A national transformation
Evidence from these libraries and numerous others throughout the country has driven interest and engagement at the national level. Whereas libraries had been excluded from information society programs until 2014, now they are an integral part. The Department of ICT’s Tech4ED program has opened 1,100 centers meant to provide access to government services and training over the past two years, and more than 100 are in public libraries. A new DICT thin client programs is putting computers in 80 more libraries around the country this year. And the Senate just passed an expansion of the free public wifi program that allocates funding for free wifi in all the country’s libraries. The National Library of the Philippines’ new strategic plan puts digital services at the center of library activities for the first time, and its TeknoAklatan program is starting to equip more libraries with computers around the country.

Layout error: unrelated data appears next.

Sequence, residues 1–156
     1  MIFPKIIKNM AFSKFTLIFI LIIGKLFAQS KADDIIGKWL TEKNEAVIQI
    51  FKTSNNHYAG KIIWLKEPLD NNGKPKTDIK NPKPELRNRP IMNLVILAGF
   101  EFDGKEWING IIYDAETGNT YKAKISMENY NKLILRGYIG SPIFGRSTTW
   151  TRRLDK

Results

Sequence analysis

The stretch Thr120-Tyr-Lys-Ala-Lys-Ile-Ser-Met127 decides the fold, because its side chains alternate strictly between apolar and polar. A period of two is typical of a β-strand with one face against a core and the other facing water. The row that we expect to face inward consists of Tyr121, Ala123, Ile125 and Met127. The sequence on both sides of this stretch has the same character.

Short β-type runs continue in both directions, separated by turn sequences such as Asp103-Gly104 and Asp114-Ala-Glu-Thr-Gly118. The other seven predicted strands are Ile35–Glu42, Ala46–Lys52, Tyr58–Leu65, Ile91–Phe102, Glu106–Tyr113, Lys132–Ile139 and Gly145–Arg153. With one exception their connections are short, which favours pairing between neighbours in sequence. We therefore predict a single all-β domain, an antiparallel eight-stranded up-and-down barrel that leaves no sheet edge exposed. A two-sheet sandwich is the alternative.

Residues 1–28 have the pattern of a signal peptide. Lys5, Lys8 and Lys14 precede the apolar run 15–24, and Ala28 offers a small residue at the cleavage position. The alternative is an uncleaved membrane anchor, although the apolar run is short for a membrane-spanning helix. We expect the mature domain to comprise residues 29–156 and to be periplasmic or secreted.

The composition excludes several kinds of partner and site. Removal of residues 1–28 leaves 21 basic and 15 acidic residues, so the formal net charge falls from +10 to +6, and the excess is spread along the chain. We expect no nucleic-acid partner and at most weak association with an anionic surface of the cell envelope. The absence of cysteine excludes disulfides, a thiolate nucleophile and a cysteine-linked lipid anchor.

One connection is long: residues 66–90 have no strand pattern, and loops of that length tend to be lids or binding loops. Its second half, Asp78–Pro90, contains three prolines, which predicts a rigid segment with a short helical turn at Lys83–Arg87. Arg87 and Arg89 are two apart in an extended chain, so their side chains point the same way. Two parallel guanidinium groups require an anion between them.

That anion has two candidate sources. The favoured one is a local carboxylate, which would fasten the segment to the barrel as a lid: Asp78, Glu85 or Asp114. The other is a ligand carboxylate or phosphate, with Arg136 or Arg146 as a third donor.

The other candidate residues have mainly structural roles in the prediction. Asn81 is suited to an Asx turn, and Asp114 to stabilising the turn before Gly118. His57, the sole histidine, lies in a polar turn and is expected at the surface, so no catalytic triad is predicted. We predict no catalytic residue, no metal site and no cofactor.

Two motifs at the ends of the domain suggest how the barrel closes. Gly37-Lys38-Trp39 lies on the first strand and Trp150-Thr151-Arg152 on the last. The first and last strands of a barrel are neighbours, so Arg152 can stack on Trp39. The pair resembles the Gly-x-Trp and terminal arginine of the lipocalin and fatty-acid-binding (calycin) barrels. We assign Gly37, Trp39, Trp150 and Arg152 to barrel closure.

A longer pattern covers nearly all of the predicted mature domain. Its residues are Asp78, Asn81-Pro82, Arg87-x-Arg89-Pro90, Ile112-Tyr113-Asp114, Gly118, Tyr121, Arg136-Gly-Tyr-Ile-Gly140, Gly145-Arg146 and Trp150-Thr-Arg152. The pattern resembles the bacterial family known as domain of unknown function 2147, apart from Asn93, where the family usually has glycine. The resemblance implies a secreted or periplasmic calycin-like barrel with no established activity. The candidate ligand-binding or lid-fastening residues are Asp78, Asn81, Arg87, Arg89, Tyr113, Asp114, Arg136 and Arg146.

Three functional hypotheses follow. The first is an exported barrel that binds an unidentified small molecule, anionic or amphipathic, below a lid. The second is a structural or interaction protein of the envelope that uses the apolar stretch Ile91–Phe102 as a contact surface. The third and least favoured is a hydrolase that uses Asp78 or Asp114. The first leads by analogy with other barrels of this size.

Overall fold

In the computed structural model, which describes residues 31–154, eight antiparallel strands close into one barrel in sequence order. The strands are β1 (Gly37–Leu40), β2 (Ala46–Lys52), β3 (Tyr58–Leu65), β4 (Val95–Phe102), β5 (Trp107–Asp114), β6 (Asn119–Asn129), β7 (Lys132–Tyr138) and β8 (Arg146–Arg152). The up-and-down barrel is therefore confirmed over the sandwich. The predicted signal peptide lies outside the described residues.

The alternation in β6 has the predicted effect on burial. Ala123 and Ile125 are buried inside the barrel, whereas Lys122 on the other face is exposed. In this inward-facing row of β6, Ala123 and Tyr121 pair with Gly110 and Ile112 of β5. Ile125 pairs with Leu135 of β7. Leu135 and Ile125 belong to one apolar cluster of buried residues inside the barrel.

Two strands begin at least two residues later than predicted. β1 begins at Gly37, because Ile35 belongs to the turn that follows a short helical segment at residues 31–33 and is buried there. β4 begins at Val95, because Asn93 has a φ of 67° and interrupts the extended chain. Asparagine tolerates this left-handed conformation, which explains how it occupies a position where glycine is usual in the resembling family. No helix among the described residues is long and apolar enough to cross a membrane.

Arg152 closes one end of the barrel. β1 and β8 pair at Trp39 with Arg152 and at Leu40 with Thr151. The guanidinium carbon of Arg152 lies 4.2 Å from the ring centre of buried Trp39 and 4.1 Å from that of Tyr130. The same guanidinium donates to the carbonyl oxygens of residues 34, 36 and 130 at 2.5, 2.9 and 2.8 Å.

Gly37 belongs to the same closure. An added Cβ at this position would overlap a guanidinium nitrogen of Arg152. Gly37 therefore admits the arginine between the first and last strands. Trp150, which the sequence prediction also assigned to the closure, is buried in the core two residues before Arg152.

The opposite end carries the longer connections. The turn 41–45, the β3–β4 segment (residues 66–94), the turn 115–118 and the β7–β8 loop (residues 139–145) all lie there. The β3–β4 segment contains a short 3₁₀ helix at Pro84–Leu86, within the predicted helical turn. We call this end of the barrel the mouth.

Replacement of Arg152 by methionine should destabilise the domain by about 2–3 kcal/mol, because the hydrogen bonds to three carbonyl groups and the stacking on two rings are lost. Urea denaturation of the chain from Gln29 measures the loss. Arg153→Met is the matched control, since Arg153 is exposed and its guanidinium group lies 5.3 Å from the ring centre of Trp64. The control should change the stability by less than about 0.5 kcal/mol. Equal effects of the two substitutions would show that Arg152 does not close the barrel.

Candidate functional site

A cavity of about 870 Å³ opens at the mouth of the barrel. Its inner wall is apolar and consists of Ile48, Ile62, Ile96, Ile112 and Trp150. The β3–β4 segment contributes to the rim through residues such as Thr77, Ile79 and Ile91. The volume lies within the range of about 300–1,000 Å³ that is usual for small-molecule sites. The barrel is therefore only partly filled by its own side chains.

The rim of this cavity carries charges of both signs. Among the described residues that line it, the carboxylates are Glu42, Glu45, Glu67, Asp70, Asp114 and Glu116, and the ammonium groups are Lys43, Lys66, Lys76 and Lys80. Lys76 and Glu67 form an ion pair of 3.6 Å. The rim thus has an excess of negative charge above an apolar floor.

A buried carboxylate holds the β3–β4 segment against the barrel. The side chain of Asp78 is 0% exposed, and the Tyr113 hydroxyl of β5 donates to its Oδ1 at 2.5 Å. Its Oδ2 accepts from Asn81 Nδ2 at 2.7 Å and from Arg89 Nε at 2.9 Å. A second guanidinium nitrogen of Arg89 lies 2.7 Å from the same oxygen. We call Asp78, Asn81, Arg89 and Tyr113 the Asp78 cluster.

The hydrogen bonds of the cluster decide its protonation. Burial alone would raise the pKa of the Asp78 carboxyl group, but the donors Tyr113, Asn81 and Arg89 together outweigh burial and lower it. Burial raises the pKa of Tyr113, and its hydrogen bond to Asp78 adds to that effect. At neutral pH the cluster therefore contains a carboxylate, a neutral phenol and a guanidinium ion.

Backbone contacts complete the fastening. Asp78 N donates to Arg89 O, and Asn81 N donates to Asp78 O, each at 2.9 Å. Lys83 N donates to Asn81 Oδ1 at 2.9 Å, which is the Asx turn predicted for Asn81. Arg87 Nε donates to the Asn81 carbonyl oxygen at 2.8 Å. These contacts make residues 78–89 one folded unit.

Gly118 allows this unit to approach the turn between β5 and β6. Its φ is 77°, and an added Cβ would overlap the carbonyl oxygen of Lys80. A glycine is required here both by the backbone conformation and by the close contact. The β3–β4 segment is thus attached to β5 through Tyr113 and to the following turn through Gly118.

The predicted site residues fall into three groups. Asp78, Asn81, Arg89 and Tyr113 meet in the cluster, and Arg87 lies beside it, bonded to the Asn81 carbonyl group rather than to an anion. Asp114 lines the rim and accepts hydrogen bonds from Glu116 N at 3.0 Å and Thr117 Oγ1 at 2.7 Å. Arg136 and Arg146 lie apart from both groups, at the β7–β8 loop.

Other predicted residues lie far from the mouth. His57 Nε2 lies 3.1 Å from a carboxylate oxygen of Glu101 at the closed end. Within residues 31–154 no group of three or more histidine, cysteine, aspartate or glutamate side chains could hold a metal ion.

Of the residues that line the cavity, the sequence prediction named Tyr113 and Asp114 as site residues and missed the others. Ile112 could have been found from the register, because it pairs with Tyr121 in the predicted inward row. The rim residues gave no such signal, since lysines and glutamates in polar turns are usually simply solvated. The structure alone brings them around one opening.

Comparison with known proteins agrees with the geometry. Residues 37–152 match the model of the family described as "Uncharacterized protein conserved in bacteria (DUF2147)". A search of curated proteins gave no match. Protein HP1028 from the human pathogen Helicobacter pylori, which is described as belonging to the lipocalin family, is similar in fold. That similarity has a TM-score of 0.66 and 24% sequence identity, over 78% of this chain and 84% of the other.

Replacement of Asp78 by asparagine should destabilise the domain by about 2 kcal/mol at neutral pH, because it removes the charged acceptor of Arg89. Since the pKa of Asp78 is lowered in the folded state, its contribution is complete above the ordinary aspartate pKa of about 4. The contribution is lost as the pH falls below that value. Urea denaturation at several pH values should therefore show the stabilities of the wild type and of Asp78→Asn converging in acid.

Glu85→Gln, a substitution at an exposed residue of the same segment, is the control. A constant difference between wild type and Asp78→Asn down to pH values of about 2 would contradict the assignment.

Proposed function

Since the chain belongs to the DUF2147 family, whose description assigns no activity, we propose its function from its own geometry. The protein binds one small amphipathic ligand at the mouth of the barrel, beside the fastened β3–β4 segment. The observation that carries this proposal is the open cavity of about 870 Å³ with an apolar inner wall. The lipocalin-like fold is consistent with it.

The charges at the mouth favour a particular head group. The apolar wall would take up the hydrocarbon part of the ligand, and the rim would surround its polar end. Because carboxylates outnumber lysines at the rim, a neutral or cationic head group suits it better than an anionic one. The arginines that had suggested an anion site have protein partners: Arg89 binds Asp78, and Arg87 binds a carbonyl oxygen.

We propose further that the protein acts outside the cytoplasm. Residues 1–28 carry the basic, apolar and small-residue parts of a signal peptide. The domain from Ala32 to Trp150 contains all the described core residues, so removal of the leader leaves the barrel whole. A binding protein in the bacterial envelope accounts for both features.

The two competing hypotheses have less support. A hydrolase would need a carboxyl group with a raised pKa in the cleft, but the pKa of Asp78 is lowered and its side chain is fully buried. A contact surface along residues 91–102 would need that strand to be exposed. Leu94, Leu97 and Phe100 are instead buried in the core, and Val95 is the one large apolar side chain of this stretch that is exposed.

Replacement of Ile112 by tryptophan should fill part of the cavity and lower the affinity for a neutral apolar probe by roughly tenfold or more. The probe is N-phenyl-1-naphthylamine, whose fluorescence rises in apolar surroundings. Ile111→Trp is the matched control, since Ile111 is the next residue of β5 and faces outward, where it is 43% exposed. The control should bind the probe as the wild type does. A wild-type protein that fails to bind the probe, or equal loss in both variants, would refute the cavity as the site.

The transformation of the Philippines public libraries did not happen overnight — it was the result of a group of librarians’ hard work and their willingness to push outside the traditional limits within which libraries worked. There was no single donation or investment that all benefited from — each had to pursue funding, new equipment, and policies with their own municipality. With the leadership of the National Library, now this model of the public library — one that provides modern, information services to the public rather than only books — is guiding the development of the Philippine library system in the 21st century.